The European Central Bank cut its growth forecasts for this year and next on Thursday, and its president declined to rule out the currency bloc slipping into recession as the coronavirus epidemic weighs heavily on economic activity.
Christine Lagarde said the ECB now expected the euro zone economy to grow by 0.8% this year, a significant drop from the expansion of 1.1% it had forecast in December.
Asked at a news conference if a recession beckoned, she said the outturn for the economy would “clearly depend on the speed and strength” of the collective response to the epidemic, which had left the global economy “facing a major shock”.
Foremost among those was a coordinated response from governments on the fiscal front, she said.
The lowered growth outlook for 2020 was part of a series of new estimates that the ECB collated before the outbreak hit Europe. They were probably already out of date, Lagarde said.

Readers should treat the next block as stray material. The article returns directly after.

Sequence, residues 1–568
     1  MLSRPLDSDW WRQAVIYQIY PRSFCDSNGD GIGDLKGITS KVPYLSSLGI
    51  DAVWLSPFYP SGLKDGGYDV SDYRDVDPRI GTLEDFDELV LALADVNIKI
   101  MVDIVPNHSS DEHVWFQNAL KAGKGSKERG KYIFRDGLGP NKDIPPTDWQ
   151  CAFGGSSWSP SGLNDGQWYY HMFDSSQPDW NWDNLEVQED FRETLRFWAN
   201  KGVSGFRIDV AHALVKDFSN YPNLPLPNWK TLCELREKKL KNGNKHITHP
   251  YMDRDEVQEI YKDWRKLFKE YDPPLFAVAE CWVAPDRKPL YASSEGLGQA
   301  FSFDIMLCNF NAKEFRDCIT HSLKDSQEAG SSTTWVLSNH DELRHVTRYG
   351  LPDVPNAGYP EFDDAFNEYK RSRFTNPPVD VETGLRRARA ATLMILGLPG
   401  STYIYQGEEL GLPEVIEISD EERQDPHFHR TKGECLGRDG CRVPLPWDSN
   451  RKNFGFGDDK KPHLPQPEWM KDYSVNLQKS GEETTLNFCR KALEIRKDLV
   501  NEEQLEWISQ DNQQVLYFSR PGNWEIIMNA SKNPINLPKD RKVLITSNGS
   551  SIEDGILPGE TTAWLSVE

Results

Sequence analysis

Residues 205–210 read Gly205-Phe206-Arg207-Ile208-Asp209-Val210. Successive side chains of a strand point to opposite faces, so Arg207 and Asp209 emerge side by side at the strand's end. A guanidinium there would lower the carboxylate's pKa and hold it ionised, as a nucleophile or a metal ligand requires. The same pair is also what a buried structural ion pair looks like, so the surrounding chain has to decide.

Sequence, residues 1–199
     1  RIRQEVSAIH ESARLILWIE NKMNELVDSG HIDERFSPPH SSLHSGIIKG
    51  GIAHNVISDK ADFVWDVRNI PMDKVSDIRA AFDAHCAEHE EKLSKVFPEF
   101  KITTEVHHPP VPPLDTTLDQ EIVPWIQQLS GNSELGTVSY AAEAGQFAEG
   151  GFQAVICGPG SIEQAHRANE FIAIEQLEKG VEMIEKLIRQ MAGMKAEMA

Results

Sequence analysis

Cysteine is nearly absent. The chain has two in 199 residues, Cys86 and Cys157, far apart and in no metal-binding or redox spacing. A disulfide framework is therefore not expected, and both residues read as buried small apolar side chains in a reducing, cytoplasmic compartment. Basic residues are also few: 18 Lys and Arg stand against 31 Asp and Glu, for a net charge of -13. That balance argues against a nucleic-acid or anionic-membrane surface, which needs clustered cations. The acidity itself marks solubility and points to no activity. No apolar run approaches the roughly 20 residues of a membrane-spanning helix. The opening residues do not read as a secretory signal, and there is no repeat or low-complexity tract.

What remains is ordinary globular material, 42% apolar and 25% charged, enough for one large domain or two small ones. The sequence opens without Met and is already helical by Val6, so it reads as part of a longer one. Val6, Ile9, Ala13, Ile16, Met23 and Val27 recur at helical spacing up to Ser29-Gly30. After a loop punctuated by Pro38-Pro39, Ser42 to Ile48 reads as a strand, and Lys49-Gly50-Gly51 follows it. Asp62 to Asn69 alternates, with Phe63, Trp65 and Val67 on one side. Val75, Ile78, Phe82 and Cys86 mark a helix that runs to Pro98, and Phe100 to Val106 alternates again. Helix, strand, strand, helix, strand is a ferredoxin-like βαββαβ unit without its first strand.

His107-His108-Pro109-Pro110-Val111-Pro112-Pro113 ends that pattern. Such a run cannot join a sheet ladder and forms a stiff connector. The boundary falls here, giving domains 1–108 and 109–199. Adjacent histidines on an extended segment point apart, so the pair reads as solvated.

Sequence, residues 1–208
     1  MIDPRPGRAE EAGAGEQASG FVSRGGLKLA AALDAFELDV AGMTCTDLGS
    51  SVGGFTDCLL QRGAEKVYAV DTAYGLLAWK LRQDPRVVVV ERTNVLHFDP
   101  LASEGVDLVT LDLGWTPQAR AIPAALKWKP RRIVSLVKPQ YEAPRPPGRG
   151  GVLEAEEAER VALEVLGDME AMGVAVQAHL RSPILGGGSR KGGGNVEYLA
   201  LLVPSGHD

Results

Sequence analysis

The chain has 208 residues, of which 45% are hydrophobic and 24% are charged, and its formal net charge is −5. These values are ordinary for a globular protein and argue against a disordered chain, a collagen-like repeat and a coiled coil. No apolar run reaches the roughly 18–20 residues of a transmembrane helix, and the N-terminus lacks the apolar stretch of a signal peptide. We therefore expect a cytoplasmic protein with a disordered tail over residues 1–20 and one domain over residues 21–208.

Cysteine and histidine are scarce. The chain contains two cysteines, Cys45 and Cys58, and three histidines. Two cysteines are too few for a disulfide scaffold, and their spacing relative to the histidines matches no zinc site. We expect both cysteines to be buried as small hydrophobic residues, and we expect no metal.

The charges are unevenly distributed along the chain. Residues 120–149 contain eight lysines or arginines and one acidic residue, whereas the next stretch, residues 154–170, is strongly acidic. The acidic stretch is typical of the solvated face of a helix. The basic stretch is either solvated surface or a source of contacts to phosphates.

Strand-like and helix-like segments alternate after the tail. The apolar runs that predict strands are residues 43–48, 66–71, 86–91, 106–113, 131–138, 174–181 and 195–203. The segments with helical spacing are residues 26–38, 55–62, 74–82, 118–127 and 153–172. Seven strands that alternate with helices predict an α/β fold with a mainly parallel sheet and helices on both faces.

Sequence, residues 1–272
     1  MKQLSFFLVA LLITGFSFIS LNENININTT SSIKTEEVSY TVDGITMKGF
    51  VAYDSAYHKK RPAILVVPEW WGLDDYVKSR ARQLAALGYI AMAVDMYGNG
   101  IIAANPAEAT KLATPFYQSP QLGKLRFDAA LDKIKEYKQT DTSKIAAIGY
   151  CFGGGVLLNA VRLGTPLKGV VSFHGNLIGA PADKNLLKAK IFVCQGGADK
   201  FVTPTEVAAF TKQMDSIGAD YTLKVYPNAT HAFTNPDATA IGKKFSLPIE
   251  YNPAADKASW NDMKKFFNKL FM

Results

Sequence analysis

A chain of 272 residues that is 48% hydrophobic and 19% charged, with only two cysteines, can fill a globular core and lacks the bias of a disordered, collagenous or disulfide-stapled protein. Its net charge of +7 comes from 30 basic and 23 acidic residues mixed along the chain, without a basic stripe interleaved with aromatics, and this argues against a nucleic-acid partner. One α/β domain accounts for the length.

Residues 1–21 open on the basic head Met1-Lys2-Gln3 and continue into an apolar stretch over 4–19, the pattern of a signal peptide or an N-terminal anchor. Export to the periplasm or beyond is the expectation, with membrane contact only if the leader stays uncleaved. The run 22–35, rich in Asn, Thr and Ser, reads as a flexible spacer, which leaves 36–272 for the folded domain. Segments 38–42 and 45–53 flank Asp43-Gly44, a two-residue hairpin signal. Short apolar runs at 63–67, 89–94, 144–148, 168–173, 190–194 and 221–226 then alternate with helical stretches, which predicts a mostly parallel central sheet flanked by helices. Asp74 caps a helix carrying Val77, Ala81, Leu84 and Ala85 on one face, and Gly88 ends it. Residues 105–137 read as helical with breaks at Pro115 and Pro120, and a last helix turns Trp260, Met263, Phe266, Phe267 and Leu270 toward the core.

The bank forecast GDP growth of 1.3% in 2021 and 1.4% in 2022, compared to an expansion of 1.4% for each year projected in December.
Lagarde said risks to the outlook were “clearly on the downside”, and the coronavirus had added a “substantial” negative element.
The ECB left its inflation projections unchanged at 1.1%, 1.4% and 1.6%.
The cut-off date for the ECB’s economic forecasts is usually three weeks before they are presented to the policy-making Governing Council.
The following are the ECB staff’s new projections for inflation and GDP growth, with December forecasts in brackets.
The ECB updates projections once a quarter.